In yoga, we often talk about taking our practice “off the mat”. One of the most effective ways to do this is through understanding Ayurveda, what I like to call the lifestyle of yoga. While both are healing modalities, yoga is concerned with self-actualization, and Ayurveda is concerned with supporting and stabilizing you on your path to get there.
Ayurveda is considered the first known medical system in the world, its origins dating back over 5,000 years. It takes a comprehensive approach to health and wholeness on an individual level by exploring and addressing the root cause of our experiences. Its ability to dig deep and go beyond the surface makes it both long-lasting and adaptable. The ancient texts of Ayurveda tell us it is meant to be adjusted for the time, place, space, and people it serves. Although it is an ancient modality, its modern-day applications and benefits are vast.
Literally translating as “the science or truth of life”, Ayurveda is the practice of living with truth and integrity; both within yourself and the world around you. A holistic science, Ayurveda aims to create a sense of swastha, or balance with and of the self, through honoring the qualities and rhythms of nature. Ayurveda believes in cultivating an intimate, harmonious relationship with nature, and in doing so, cultivating an intimate, harmonious relationship with ourselves. Through honoring the rhythms of nature, we are better able to understand our personal qualities and life rhythms.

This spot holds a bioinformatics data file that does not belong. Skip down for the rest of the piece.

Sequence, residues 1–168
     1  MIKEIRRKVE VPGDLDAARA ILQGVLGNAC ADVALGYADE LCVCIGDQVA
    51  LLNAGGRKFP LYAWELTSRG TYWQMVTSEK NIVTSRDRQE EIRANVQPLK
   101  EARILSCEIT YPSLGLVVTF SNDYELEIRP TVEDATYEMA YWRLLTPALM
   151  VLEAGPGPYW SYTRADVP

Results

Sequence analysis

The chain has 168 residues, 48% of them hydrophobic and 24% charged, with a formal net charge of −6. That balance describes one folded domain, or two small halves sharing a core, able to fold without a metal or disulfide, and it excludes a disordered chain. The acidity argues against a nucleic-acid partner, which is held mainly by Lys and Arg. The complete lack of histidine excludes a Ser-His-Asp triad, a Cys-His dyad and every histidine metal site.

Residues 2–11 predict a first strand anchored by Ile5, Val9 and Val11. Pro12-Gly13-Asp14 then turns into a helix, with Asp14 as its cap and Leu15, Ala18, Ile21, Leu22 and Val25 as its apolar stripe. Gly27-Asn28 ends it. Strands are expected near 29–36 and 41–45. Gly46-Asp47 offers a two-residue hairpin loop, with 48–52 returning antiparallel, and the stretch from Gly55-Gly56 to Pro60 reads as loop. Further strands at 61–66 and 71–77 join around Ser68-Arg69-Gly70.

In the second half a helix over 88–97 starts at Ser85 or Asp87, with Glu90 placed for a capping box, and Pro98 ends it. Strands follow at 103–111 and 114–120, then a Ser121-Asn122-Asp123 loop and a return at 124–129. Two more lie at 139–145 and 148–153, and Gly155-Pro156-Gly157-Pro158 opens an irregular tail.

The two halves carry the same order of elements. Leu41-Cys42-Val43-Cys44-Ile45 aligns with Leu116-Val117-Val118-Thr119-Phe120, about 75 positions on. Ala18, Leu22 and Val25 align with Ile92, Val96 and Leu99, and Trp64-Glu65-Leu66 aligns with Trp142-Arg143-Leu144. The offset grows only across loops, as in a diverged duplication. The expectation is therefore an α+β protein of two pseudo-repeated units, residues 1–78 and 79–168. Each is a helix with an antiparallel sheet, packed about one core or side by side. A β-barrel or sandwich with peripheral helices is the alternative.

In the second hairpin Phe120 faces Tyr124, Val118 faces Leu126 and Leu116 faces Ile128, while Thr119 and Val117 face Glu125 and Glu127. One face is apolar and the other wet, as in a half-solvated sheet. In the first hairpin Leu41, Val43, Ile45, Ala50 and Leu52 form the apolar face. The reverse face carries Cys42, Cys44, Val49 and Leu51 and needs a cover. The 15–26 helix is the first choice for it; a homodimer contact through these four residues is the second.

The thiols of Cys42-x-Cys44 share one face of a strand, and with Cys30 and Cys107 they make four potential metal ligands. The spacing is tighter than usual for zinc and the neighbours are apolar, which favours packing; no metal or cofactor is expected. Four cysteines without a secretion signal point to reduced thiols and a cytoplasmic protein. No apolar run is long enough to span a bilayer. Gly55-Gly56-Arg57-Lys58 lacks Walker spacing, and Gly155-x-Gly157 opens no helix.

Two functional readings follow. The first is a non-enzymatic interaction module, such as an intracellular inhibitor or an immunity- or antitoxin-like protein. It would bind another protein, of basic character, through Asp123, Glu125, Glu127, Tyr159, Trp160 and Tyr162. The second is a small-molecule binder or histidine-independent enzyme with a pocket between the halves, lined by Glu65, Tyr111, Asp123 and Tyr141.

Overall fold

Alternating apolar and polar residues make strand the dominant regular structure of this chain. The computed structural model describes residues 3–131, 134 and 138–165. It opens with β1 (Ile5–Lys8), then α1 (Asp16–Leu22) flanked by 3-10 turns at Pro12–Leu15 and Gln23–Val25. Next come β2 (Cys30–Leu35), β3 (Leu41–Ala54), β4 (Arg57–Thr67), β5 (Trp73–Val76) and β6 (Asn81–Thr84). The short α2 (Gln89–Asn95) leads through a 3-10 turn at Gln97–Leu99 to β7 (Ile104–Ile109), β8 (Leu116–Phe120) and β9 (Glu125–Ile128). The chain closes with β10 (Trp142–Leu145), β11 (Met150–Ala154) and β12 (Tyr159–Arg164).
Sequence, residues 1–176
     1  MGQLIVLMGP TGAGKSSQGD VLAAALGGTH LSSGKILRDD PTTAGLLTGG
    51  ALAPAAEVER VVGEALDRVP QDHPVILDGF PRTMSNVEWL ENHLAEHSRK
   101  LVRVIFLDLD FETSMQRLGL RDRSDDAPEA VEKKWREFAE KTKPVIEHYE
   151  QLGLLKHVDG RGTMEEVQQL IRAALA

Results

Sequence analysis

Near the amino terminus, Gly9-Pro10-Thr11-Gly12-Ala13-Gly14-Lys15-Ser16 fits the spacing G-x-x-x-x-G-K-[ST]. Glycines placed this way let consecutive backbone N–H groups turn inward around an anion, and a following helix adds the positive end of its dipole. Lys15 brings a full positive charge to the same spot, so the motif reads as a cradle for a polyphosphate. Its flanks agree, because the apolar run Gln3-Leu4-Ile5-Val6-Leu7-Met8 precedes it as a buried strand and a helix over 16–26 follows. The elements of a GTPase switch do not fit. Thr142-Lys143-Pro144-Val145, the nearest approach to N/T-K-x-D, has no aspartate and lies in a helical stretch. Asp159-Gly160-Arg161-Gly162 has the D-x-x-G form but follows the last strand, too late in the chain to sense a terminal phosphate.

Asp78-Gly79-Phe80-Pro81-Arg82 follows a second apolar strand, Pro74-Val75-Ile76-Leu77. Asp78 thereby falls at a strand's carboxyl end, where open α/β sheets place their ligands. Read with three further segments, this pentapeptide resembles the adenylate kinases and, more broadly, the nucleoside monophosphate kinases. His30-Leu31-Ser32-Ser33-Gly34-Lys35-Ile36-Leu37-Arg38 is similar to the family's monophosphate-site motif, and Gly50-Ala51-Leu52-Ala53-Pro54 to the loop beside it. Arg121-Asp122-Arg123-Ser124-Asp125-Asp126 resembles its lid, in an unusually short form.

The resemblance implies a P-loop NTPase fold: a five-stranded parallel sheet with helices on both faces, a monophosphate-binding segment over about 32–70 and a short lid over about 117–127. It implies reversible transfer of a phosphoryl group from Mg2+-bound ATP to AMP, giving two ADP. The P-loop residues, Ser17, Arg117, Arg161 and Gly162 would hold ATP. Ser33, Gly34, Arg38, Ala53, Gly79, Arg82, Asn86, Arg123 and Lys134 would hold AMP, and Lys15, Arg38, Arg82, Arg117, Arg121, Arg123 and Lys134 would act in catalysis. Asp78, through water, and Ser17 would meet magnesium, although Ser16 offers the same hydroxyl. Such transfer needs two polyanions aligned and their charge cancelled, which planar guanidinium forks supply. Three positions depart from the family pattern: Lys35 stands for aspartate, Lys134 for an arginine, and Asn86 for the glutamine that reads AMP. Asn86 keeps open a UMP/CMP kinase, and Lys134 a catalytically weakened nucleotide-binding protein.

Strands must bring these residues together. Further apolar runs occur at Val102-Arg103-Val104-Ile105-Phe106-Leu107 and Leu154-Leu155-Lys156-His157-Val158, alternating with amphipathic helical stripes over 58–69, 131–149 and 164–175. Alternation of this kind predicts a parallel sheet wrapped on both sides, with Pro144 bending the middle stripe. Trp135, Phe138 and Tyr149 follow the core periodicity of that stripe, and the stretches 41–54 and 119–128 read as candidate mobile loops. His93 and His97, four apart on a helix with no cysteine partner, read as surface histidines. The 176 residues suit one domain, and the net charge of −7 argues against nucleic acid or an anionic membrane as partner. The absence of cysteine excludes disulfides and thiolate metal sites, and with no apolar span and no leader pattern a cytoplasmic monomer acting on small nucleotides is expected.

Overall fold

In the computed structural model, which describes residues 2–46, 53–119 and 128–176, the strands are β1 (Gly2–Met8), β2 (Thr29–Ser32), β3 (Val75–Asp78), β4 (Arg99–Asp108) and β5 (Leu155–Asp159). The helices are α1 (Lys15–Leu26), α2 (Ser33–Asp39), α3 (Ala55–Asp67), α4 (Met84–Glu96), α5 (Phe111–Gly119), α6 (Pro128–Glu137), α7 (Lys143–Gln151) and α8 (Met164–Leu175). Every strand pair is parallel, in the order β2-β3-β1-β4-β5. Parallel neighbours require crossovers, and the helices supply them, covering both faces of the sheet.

This cultivates a deeper sense of veda, knowledge, allowing us to make choices moment to moment and day to day that can either neutralize, balance, or aggravate our experience.
In this system, we understand that the macrocosm (Mother Nature) is reflected in the microcosm (you!) — that each person holds a unique combination of each of the five elements (ether, air, fire, water, and earth). These elements make up our Ayurvedic mind/body personality, or prakruti, which gives insight into the ways we think, act, feel, and move. When we can understand the nature of our prakruti, we can begin to address areas of imbalance or unnecessary suffering. These imbalances are known as vikruti: the things that are constantly changing. Vikruti takes us away from our prakriti, thus, Ayurveda is a journey home, a practice, and a process of returning to yourself.
We utilize a comprehensive array of tools to create greater balance, ease, and clarity in the body, mind, senses, and soul. Therefore, Ayurveda promotes practices to address harmony in each one of these areas through lifestyle and daily routine, self-care, food, herbal support, movement, ritual, and spiritual practice.
Curious about implementing Ayurveda into your yoga practice and life? Stay tuned for more information and content in this continuing series. Next up: the elements and the doshas!
Marissa Angeletti is a Kindness Yoga teacher, somatic therapist, Ayurvedic practitioner, movement-based trauma specialist, and therapeutic movement educator and practitioner. She is inspired to close the perceived gap between the body and the mind, and help you see the ways in which the two are inextricably connected. Whether in a group class or one-on-one session, Marissa is interested in empowering her students and clients to access deeper, more holistic levels of personal insight and growth in order to create a greater sense of wholeness, health, and fulfillment.